Repairing the pool

Checksum errors

Checksum errors can occur transiently on individual disks or across multiple disks. The most likely culprits are bit rot or transient storage subsystem errors - oddities like signal loss due to solar flares and so on.

With ZFS, they are not of much concern, but some degree of preventative maintenance is necessary to prevent a failure from accumulation.

From time to time you may see zpool status output similar to this:

        NAME        STATE            READ  WRITE CKSUM
        zones       ONLINE             0     0     0
          mirror-0        ONLINE       0     0     0
            c1t0d0        ONLINE       0     0     23
            c1t1d0        ONLINE       0     0     0

Note the "23" in the CKSUM column.

If this number is significantly large or growing rapidly, the drive is likely in a "pre-failure" state and will fail soon, and is otherwise (in this case) potentially compromising the redundancy of the VDEV.

One thing to make note of is that checksum errors on individual drives, from time to time, is normal and expected behavior (if not optimal). So are many errors on single drives which are about to fail. Many checksum failures across multiple drives can be indicative of a significant storage subsystem problem: a damaged cable, a faulty HBA, or even power problems. If this is noticed, consider contacting Support for assistance with identification.

Hint: You can audit pool health across the entire datacenter from the headnode with: sdc-oneachnode -c 'zpool status -x'


A zpool resilver is an operation to rebuild parity across a pool due to either a degraded device (for instance, a disk may temporarily disappear and need to 'catch up') or a newly replaced device. In other words, moving the data from one device (the degraded/old disk) to a new device.

Multiple resilvers can occur at the same time within multiple VDEVs.

Please note that resilvers can degrade performance on a busy pool. Plan performance projections accordingly.

Resilvers are automatic. They can (and should) not be interrupted short of physical removal or failure of a device.


Scrub examines all data in the specified pools to verify that it checksums correctly. For replicated (mirror or raidz) devices, ZFS automatically repairs any damage discovered during the scrub. The zpool status command reports the progress of the scrub and summarizes the results of the scrub upon completion.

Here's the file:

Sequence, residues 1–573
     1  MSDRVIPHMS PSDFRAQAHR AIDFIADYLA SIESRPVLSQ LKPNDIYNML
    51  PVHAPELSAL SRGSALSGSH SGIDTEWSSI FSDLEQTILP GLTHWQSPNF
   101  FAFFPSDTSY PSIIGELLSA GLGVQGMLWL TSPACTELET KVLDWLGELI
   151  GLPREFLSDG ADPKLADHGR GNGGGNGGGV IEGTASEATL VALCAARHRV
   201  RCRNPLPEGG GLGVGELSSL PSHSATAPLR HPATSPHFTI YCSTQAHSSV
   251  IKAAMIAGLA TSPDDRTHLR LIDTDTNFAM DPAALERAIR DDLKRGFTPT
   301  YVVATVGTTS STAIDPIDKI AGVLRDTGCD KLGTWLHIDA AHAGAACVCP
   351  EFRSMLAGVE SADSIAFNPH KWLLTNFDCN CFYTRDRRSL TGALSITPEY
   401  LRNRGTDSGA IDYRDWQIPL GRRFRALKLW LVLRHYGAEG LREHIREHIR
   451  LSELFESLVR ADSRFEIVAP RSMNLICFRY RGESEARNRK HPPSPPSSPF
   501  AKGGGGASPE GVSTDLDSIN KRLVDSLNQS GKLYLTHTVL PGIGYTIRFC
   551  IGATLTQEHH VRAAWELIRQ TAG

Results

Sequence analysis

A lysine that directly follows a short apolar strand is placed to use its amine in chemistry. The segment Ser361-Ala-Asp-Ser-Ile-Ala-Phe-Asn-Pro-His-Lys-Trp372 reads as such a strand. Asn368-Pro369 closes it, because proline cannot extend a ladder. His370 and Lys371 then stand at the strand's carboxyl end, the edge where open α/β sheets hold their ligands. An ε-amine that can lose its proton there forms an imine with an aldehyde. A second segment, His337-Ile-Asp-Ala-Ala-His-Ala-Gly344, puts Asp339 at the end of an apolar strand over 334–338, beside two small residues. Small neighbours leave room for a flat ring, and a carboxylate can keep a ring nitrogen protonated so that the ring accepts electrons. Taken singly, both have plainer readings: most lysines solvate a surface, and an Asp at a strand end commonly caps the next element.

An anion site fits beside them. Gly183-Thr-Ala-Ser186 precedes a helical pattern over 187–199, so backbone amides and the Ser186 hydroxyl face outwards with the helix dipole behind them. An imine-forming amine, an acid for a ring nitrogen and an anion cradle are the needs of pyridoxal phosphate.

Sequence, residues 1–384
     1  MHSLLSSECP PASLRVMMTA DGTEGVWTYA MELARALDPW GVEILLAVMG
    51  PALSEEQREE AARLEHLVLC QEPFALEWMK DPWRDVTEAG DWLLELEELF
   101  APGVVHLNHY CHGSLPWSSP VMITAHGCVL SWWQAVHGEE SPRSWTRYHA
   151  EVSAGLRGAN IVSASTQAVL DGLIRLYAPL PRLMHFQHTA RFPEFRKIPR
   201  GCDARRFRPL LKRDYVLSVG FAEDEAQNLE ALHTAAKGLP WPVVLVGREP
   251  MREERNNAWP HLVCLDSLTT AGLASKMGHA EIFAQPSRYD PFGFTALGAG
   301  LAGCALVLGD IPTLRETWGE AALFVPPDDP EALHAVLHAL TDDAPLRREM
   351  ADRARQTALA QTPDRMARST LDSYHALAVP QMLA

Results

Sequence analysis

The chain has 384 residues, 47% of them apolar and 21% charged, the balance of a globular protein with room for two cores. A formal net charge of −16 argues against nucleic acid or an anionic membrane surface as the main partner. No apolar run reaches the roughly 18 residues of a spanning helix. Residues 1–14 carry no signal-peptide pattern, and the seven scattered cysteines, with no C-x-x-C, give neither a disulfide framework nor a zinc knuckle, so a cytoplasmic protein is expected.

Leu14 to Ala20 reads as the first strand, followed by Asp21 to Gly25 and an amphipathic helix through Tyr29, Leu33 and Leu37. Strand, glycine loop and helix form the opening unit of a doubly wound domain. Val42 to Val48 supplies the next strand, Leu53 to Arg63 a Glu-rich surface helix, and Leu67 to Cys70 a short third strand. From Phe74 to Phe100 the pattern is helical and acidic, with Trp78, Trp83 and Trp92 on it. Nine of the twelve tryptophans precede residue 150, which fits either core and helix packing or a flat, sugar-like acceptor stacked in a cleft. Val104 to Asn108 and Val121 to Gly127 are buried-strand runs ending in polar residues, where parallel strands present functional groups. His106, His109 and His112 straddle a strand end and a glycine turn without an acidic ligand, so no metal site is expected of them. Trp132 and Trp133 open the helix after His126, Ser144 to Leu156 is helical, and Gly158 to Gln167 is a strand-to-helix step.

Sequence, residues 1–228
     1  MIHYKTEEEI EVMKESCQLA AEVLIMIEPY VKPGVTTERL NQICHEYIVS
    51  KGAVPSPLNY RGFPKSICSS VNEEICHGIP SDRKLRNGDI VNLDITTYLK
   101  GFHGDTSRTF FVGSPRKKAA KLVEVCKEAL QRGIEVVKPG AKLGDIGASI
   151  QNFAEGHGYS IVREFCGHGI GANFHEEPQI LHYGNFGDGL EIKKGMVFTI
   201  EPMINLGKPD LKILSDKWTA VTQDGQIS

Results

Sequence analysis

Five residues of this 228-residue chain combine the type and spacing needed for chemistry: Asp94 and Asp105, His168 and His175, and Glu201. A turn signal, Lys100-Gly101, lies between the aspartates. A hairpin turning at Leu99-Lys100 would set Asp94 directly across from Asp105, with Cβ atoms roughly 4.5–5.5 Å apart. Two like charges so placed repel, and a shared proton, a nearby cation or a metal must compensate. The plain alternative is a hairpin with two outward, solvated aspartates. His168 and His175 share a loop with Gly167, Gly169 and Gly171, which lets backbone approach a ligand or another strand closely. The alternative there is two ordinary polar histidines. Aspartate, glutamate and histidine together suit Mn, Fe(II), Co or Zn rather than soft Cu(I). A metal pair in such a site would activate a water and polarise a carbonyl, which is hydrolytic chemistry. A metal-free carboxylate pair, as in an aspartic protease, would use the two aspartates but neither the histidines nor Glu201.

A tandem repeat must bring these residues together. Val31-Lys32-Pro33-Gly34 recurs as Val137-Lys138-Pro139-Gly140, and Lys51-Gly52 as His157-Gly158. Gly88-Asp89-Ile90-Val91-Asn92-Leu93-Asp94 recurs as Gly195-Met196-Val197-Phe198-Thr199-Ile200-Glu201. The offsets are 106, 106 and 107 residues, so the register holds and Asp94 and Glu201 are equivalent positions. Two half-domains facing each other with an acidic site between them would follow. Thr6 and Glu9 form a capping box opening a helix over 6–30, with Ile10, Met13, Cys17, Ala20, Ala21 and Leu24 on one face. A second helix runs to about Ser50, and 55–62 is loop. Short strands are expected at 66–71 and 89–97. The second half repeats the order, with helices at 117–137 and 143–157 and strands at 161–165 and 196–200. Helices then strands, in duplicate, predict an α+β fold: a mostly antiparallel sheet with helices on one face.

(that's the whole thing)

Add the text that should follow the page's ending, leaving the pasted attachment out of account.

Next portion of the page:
To start a scrub:

zpool scrub zones

To stop a scrub:

zpool scrub zones -s

If a zpool resilver is in progress, it will not be able to started until the resilver completes.

Scrub and resilver concurrency

Scrubbing and resilvering are very similar operations. The difference is that resilvering only examines data that ZFS knows to be out of date (for example, when attaching a new device to a mirror or replacing an existing device), whereas scrubbing examines all data to discover silent errors due to hardware faults or disk failure.

Because scrubbing and resilvering are I/O-intensive operations, ZFS only allows one at a time. If a scrub is already in progress, the "zpool scrub" command returns an error.


By enabling ZFS autoreplace on a pool (a property disabled by default) you will enable your system to automatically use a spare drive to replace FAULTED/UNAVAIL drives.

It should be cautioned that there are potential drawbacks from this approach: in the event of something like misbehaving firmware or a HBA failure, multiple drives may be replaced and then the replacements may fault prior to initial resilver, resulting in a more difficult scenario from which to recover from. Enabling auto-replace is highly inadvisable unless you've got a responsive 24/7 DC operations team.

To enable:

zpool set autoreplace=on zones

Further assistance needed

If this document is unclear, incorrect, or does not appear to cover your specific scenario, please contact Support.

Additional information

Please reference the associated man pages on your systems for further in-depth information:

zfs(1M), zpool(1M), cfgadm(1M), devfsadm(1M), fmadm(1M), fmd(1M), fmdump(1M)